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The BBC One globe idents are a defunct set of idents that ran on BBC One from 1963 to 2002. The set included a series of globes spinning, plus a virtual globe (which appeared from 1991 to 1997) and a sub-set of idents that featured a balloon with a globe painted on it.

As this set of idents was used on BBC One from 1963 to 2002 (39 years), it has become the longest-used set of idents in BBC One history.

EvolutionEdit

The Black & White Globe (1963-69)Edit

BBCtv 1963 initial globe ident

The first incarnation of the BBC One black-and-white globe symbol, used until 1966.

In 1963, the first of the BBC One globe idents appeared on television, replacing the ‘map’ ident that had been used since 1962. It incorporated a spinning mechanical globe taken with a black-and-white movie camera and the words ‘BBC TV’ on top; this ident was retired with the new ‘watch-strap’ globe ident in 1966, where the words ‘BBC 1’ were on the bottom,

The Mirrored Globe (1969-85)Edit

Noddy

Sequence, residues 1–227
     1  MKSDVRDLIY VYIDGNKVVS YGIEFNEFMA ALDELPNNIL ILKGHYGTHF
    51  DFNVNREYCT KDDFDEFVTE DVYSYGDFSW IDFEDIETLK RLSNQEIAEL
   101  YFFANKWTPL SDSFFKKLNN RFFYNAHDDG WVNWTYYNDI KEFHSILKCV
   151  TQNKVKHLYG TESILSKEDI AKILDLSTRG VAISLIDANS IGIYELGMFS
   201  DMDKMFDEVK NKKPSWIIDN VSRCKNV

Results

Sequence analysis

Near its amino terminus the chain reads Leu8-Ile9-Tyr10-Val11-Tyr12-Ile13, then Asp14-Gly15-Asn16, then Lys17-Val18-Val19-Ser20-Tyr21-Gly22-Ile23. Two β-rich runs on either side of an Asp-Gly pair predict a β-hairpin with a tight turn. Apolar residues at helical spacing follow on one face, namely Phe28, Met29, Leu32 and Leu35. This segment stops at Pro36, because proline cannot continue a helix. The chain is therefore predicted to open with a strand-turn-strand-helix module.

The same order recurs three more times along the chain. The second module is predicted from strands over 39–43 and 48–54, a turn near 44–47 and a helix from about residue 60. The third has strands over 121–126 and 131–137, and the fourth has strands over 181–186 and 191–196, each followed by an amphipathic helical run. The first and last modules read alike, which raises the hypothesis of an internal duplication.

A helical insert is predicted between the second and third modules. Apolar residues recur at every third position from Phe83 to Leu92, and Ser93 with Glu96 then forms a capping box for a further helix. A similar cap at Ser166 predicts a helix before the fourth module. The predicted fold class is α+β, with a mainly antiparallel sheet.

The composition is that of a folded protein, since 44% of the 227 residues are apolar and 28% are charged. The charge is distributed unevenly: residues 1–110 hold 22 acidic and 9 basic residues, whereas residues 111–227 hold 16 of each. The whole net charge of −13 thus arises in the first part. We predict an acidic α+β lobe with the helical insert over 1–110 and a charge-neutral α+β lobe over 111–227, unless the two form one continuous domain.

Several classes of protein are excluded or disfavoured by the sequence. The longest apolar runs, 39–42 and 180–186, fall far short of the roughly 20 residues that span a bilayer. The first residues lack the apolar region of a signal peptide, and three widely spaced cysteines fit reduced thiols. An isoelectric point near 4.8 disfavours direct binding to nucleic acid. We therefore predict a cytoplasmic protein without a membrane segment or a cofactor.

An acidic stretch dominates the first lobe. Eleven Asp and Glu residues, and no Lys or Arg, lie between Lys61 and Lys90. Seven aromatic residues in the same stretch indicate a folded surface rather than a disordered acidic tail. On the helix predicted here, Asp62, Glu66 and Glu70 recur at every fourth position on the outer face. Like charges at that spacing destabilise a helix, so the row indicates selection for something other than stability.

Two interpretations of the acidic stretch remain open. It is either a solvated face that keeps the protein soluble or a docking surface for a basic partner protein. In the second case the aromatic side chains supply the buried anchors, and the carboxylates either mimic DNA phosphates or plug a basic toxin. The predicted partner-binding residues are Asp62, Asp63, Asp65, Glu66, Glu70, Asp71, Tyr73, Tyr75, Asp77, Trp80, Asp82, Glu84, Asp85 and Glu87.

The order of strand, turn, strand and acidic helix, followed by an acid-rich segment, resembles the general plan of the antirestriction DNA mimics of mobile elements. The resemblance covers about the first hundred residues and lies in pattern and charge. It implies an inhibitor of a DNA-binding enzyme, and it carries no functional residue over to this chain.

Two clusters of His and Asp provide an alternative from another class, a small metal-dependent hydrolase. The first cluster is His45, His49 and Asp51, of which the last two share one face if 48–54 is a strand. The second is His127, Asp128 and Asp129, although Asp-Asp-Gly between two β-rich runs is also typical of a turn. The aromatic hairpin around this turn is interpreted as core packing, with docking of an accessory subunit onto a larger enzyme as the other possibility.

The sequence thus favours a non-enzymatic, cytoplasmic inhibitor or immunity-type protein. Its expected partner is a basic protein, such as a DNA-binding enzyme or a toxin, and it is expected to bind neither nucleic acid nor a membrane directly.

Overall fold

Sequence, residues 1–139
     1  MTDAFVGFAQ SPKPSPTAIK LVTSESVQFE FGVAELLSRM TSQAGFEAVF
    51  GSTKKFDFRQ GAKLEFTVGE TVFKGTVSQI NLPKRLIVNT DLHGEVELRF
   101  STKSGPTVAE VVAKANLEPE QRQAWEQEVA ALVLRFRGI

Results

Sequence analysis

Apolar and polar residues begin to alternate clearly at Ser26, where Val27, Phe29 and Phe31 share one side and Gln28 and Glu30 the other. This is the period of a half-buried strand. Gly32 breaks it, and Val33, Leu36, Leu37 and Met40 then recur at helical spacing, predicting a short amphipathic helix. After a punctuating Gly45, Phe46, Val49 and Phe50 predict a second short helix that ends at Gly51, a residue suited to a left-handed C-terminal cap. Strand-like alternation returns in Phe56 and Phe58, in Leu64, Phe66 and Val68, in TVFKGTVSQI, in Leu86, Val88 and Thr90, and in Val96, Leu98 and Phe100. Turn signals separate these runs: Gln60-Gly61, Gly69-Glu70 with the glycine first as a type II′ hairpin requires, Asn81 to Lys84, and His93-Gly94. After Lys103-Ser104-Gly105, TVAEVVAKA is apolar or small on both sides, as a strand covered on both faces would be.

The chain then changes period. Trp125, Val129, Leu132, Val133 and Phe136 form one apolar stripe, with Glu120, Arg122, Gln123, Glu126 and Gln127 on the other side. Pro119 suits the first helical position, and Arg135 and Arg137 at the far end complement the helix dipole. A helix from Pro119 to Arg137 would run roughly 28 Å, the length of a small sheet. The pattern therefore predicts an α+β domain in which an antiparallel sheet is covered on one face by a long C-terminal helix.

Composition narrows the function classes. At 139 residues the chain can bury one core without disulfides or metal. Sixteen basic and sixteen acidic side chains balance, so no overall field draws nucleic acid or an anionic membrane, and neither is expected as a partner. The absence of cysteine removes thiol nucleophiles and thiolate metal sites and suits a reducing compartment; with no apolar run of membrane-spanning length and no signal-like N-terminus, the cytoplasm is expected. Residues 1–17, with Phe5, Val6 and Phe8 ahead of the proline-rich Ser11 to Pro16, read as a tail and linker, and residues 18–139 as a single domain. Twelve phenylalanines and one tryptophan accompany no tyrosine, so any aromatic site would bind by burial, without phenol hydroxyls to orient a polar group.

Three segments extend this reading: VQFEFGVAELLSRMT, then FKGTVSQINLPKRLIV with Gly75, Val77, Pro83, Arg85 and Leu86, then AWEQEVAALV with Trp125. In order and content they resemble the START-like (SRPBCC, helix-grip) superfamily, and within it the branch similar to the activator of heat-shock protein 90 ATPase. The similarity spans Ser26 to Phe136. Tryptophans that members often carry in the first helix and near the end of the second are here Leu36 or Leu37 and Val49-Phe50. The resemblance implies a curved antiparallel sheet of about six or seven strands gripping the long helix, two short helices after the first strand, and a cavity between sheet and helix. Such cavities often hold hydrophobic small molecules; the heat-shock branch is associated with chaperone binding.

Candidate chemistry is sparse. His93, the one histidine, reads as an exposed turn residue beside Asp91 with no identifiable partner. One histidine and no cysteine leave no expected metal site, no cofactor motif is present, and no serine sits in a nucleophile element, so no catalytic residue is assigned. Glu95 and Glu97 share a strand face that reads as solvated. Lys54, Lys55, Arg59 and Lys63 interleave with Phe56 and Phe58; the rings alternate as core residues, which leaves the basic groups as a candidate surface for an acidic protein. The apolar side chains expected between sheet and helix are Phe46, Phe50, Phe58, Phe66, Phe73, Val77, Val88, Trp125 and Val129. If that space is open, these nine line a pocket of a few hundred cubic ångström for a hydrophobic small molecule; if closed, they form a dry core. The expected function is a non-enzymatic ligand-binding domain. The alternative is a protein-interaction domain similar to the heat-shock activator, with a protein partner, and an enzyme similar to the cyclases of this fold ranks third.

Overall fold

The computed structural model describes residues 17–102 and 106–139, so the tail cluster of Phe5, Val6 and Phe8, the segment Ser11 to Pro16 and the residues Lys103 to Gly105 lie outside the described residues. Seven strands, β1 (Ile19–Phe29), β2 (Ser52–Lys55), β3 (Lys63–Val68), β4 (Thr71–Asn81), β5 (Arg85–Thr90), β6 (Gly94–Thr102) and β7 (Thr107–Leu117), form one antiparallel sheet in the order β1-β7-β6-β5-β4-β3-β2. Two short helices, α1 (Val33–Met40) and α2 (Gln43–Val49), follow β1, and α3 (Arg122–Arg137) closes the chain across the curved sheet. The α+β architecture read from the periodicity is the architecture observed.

The device used for creating the ‘mirrored globe’ ident

In 1969, the Black and White versions were retired in favor of the new ‘mirrored globe’ idents in color. The first variant had a blue-and-black mirrored globe with the words ‘BBC1 COLOUR’ below it; this continued until the mid-70s when the word ‘color’ was retired in favor of being known simply as ‘BBC1’, and when the colors were changed to the more friendly blue-and-yellow.

The Computer-Generated Globe (1985-97)Edit

BBC1 Virtual globe

The ‘Virtual Globe’, which ran on BBC One until 1997

By 1985, computer graphics had progressed sufficiently to be able to make images form into the shape of a sphere; this has since progressed into Adobe After Effects and Adobe Animate (the software in which the BBC tends to use for their idents today). Thus, any form of electro-mechanical ident had to be retired in favor of the 1st generation Computer-Generated Globe, known as the Computer-Originated World (COW).

In 1991, the first (and earliest) example of making a virtual globe was used by BBC One.